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Tom Roueché reviews ‘Sacred Spaces: Turkish Mosques & Tombs’
In this new photographic monograph, Mary Cross asks us to consider the sacred spaces of Edirne, Bursa and Istanbul – the great mosques of the grand Ottoman cities. Peter Brown, Rollins Professor of History at Princeton, graces this elegant book with an introduction that situates Cross’s photography in the historical and spiritual context of the Ottoman period.
Drawing on the work of the astonishing Evliya Çelebi, Brown and Cross present the glorious mosques of the three imperial Ottoman cities afresh, challenging us to approach them on their own terms.
As Brown says, “Put briefly: in contrast to our own, largely vertical approach to the mosque, Sir Evliya insists that we also become Flatlanders. Indeed, for him, a successful visit to a mosque involved a permanent tension between two directions of sight – the one starkly upward, as thrilling as any view of the towering columns of a Gothic church; the other, a more gentle searching out of beauty on the ground. We need to enter into this double vision.”
Cross’s elegant photography is uniquely suited to capturing the atmosphere and mood of these sacred spaces. However, her work goes beyond the mosques to the complexes that surround these glorious buildings. Brown comments: “The visitor is encouraged to walk around, to look at the buildings of the complex, and the great mosque that rises above them, from as many viewing points as possible, each of them surprising and delicious to the eye.”
The masterful work of Sinan fills these pages. It is interesting to consider him in the context of his Western contemporary Palladio – indeed, “as a builder, he was a conscious rival to Michelangelo. He wished to build mosques as stupendous as Michelangelo’s newly built church of St Peter’s at Rome – and he succeeded.”
Brown and Cross throw down an intriguing gauntlet: it is precisely in their relationship to the sacred that these spaces must be considered. Faced with the domes of Sinan’s masterworks, “we are looking up into the world of God and His angels. For that reason, Evliya and his contemporaries dearly loved a light-filled mosque. Not for them a pious gloom. On the contrary, they liked a mosque where the light of day streamed in through sparkling windows (not blocked by the dark glow of stained glass, as in a Gothic cathedral) in such a way as to drive the angels out of their concealment. For here was the highest heaven, revealed in its full blaze of glory – a heaven of pure light, from which the veil of the pale sky had, for a moment, been withdrawn.”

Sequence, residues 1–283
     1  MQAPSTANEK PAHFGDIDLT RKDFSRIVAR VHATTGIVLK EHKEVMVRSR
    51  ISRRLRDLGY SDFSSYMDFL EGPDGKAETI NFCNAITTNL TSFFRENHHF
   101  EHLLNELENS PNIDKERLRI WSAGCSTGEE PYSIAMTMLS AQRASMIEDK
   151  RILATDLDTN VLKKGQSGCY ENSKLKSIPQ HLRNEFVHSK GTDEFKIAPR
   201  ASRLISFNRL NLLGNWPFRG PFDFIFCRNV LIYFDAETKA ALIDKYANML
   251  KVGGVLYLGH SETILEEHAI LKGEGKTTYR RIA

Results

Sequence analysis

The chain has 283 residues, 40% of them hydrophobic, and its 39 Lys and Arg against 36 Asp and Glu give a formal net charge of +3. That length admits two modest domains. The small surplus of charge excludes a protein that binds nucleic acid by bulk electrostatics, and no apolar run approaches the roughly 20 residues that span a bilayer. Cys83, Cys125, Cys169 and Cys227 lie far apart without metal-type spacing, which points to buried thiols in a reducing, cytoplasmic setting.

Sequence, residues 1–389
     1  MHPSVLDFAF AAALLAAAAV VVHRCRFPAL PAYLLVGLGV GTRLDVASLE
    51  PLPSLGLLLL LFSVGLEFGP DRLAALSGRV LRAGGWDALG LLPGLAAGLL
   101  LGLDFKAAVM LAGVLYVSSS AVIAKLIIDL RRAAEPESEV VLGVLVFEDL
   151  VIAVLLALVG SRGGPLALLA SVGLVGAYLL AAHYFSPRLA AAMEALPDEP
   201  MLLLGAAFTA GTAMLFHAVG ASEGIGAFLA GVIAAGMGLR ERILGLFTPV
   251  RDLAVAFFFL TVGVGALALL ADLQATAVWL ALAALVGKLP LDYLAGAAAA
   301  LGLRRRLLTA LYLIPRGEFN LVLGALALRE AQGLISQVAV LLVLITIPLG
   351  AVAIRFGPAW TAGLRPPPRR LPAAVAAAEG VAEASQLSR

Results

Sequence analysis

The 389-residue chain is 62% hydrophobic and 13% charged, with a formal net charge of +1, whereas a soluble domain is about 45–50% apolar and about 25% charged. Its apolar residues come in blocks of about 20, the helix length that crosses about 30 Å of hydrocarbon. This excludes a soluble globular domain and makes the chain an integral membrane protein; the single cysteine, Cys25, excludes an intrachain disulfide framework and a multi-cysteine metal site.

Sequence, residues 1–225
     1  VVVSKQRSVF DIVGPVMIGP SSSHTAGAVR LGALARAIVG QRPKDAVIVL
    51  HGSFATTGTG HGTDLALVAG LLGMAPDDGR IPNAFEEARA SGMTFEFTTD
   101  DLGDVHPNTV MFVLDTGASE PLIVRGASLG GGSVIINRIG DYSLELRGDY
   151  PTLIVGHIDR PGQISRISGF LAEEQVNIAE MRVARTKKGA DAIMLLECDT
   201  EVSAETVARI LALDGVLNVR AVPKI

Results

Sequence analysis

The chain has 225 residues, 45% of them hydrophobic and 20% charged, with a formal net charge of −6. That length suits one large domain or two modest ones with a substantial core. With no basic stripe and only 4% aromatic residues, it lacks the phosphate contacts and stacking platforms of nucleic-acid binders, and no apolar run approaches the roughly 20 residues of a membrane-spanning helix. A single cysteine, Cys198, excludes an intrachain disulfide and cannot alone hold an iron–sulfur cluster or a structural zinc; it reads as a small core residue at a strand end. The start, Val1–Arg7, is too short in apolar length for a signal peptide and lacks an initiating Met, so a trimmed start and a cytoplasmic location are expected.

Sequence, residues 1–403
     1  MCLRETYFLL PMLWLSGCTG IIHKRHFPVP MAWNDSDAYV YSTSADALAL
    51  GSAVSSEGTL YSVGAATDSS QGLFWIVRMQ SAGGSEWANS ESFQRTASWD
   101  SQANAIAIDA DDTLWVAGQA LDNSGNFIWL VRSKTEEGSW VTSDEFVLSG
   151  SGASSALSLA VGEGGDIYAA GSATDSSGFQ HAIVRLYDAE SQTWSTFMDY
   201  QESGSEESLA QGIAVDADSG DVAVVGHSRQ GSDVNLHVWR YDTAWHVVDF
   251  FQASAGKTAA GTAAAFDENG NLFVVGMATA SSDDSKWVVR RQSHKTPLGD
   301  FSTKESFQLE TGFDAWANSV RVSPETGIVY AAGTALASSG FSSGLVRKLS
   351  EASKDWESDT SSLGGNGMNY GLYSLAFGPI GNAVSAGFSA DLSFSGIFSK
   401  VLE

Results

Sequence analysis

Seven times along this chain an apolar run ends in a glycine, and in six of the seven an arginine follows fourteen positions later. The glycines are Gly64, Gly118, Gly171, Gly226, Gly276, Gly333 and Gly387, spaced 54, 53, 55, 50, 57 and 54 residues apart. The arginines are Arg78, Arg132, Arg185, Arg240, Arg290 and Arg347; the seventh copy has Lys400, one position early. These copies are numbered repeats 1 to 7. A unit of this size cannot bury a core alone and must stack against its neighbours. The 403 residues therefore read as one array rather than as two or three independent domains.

The truly intoxicating rhododendrons of northeast Turkey. The most famous victims to fall under its spell were Xenophon’s luckless men on their return from the Persian expedition. Text and photographs by Andrew Byfield.
Festooned with flowers, the brilliantly painted tiles of Rustem Pasha Mosque form a glazed garden of infinite variety. John Carswell discovers in them the hand of genius that gave birth to classical Iznik design. Photographs by Simon Upton
In Mürefte on the Sea of Marmara, village women still take to the fields each summer to collect just seven different herbs, with which they produce a ritual dish. If they eat it before the first thunderstorms, they believe, they will have immunity from illness for a whole year.
More cookery features
Martyn Rix introduces a special issue devoted to Turkey’s horticultural heritage, from the splash of the urban window box to the splendour of a mountain hillside. Martyn Rix is the editor of Curtis’s Botanical Journal. His articles in Cornucopia Issues 29 and 31 explore the flora of the Taurus Mountains
SPECIAL OFFER: order three beautiful garden-themed issues, including this one, for only £35. List price £50
In its heyday the Istanbul tulip was the most fashionable of flowers. Turhan Baytop turns the pages of a priceless 1725 tulip album
The Seljuk sultans who fell in love with Alanya and tamed its wild hillsides in the thirteenth century left a legacy of walled gardens and verdant terraces that is only now being rediscovered. By Scott Redford with photographs by Sigurd Kranendonk and Astrid von Schell.
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